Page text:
Will New Zealand allow the Coromandel Peninsula (left) to go the way of Isengard? Image credit: Sandy Austin/Flickr and New Line Cinema
In a move that could have been cribbed from Tolkien's Lord of the Rings series, the New Zealand government has introduced a proposal that would open 27 square miles of currently-protected conservation land to mining. The discussion paper, authored by Energy & Resources Minister Gerry Brownlee and Conservation Minister Kate Wilkinson, claims to offer measures to ensure the "environmentally responsible development" of New Zealand's mineral resources.
Conservationists have voiced strong opposition to the plan, citing the damage such a proposal would do to the fragile ecosystems in question and New Zealand's clean, green, image around the world.When did Saruman the Wise abandon reason for madness?
Great Barrier Island is one of the protected areas that would be opened to mining. Image credit: Wikimedia Commons
Currently, nearly 30 percent of New Zealand's landmass is protected in some way by the Department of Conservation. This, of course, is not the only reason the nation has a reputation for being environmentally conscious.
Efforts to make the country entirely carbon neutral, pass an emissions trading scheme—albeit a weak one—and establish a 10-year moratorium on coal-fired electricity plants, are just a few more examples.
So where is this new proposal coming from? Brownlee explained:
[New Zealand's] mineral resources, even excluding coal and other hydrocarbon-based minerals, are estimated to be worth approximately $194 billion.
Much of the land known to be mineral rich, the proposal explains, lies in areas protected under Schedule Four of the Crown Minerals Act, which prohibits mining activity. Still, the government is interested in exploring the extraction potential of gold, silver, gemstones and rare earth minerals including dysprosium, terbium, erbium and ytterbium.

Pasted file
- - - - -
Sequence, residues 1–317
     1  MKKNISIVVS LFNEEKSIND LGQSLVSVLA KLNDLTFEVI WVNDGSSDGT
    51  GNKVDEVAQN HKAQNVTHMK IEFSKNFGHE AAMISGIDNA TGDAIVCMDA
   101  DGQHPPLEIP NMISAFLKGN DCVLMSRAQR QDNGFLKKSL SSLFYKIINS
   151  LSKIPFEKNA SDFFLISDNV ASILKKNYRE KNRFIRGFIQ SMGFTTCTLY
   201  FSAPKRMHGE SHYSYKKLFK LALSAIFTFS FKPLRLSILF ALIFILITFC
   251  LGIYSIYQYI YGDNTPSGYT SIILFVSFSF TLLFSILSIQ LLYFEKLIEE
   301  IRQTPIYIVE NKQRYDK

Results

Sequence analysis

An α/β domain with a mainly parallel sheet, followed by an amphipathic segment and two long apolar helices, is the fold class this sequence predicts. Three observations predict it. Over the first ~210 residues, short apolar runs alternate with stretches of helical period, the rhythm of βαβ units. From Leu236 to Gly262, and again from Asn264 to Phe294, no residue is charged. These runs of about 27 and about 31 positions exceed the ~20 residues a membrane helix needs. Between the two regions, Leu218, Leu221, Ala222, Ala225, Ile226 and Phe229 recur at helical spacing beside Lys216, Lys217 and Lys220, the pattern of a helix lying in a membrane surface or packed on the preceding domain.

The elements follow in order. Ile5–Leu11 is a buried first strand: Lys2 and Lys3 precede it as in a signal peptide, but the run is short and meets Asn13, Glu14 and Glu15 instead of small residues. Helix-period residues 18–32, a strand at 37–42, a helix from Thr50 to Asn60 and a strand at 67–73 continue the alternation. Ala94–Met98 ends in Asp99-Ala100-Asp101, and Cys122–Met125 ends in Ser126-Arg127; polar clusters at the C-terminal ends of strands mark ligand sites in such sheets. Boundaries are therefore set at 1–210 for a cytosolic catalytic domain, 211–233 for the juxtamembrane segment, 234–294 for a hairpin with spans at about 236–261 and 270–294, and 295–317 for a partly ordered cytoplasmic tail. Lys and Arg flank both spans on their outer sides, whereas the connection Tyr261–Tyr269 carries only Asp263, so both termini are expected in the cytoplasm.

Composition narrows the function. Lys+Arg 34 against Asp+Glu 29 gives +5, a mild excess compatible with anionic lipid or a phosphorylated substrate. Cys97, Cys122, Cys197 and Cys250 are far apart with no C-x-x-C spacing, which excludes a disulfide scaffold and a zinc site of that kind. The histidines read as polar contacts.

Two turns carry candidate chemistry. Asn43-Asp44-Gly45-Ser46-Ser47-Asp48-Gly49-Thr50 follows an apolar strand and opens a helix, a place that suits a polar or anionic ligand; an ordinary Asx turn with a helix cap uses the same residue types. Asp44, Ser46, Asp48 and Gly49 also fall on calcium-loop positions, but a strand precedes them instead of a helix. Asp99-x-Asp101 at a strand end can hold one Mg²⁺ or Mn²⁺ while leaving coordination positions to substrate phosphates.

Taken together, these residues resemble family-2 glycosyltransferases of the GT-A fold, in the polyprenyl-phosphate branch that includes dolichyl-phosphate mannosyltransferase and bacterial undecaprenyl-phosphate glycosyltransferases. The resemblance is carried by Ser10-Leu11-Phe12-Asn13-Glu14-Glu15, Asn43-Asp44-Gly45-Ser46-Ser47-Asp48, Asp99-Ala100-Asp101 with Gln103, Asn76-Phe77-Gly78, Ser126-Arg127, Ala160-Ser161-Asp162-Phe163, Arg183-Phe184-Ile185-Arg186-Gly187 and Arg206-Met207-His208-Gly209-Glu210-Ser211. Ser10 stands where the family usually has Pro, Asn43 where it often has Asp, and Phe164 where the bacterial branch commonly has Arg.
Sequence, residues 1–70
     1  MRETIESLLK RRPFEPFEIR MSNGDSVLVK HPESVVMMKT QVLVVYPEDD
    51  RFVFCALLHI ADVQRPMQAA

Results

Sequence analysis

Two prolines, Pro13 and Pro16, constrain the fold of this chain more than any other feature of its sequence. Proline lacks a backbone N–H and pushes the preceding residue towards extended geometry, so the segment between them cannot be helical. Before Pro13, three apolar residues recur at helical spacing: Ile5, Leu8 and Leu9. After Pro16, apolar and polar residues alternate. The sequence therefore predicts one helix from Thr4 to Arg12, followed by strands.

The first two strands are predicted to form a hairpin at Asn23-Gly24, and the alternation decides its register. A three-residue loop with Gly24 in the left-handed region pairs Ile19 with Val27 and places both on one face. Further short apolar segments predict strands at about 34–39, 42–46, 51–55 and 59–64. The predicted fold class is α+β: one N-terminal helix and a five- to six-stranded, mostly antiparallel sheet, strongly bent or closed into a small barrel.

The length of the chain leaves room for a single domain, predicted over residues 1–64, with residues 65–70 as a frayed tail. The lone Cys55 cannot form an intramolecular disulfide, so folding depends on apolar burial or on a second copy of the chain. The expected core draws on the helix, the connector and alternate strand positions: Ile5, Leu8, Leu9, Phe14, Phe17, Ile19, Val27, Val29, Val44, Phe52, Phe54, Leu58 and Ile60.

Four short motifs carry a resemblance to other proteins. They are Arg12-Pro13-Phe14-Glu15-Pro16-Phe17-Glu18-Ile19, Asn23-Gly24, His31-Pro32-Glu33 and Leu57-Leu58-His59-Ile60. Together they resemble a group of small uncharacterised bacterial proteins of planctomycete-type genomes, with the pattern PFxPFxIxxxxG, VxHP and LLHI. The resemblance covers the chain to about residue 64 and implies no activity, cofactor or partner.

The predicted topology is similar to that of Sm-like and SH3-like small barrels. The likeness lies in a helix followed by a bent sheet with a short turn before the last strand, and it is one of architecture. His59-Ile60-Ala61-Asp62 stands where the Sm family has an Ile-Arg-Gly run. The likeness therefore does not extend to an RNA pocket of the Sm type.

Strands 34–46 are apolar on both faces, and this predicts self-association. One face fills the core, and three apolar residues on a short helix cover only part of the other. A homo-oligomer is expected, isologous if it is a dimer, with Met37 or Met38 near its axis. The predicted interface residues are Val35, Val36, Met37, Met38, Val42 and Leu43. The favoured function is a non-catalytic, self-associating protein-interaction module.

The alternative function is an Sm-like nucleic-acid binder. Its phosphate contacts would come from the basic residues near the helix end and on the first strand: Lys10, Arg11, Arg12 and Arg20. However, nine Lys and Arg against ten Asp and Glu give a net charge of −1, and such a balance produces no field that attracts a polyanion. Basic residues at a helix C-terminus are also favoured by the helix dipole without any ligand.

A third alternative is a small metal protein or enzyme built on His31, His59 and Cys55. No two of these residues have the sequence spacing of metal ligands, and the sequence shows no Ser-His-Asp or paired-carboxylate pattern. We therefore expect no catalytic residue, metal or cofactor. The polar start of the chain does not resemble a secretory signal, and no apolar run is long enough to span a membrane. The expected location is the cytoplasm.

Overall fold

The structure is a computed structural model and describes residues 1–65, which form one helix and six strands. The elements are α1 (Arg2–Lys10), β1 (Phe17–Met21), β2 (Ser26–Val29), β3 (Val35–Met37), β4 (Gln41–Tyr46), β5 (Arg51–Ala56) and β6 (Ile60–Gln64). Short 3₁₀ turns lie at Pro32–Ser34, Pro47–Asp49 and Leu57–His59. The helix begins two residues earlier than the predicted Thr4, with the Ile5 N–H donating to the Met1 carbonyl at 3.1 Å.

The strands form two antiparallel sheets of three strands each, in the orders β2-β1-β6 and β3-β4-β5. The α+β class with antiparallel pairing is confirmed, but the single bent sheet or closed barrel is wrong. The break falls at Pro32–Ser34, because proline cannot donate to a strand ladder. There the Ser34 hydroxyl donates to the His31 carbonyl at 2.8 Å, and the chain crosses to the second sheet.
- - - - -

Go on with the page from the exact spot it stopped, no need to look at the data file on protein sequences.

The areas being considered for removal are small and any mining on conservation land is subject to strict environmental tests...it has been made clear that any future mining applications will be considered on a case-by-case basis and conservation and environmental management remain a key consideration.
She went on to say that, though, the proposal calls for removing protections from 7,058 hectares of land, it extends protections to an additional 12,400 hectares not currently protected.
The old world will burn in the fires of industry.
The calm of the Paparoa range could be upset by open-cast mining. Image credit: PhillipC/Flickr
This, conservations argue, is hardly a concession. Kevin Hackwell, advocacy manager for New Zealand's largest conservation organization Forest & Bird, said that the 12,400 hectares "are simply areas that have been waiting for official protection since the last review in 2008." He went on to explain:
They should not be seen as trade-offs for high-value conservation land being removed from Schedule 4 because none of the expected 12,000 hectares has significant mining potential.
A new proposal would open the Coromandel Peninsula to mining. Image credit: robertpaulyoung/Flickr
He added that, because the minerals listed in the proposal are typically found in low concentrations, open-cask mining, not lower-impact surgical mining, will be the most likely method to be used. "Open-cast mines," Hackwell said, "remove all vegetation, soil and rock above the material that is mined, sometimes leaving massive scars."
In The Fellowship of the Ring, Sauruman concedes that "against the power of Mordor there can be no victory." This thinly veiled excuse for joining the evil Sauron is ultimately proven wrong. Citizens of New Zealand have until May 4 to comment on the proposal that might make the "Land of the Long White Cloud" a bit more like the "Land of Shadow."
Read more about conservation in New Zealand:
New Zealand's Goal: First Truly Sustainable Nation
New Zealand Gets A New Emissions Trading Scheme. Before Australia
New Zealand Declares 10-Year Moratorium On Coal Fired Electrity Add-Ons
Air New Zealand Sets Sustainable Biofuels Goal for 2013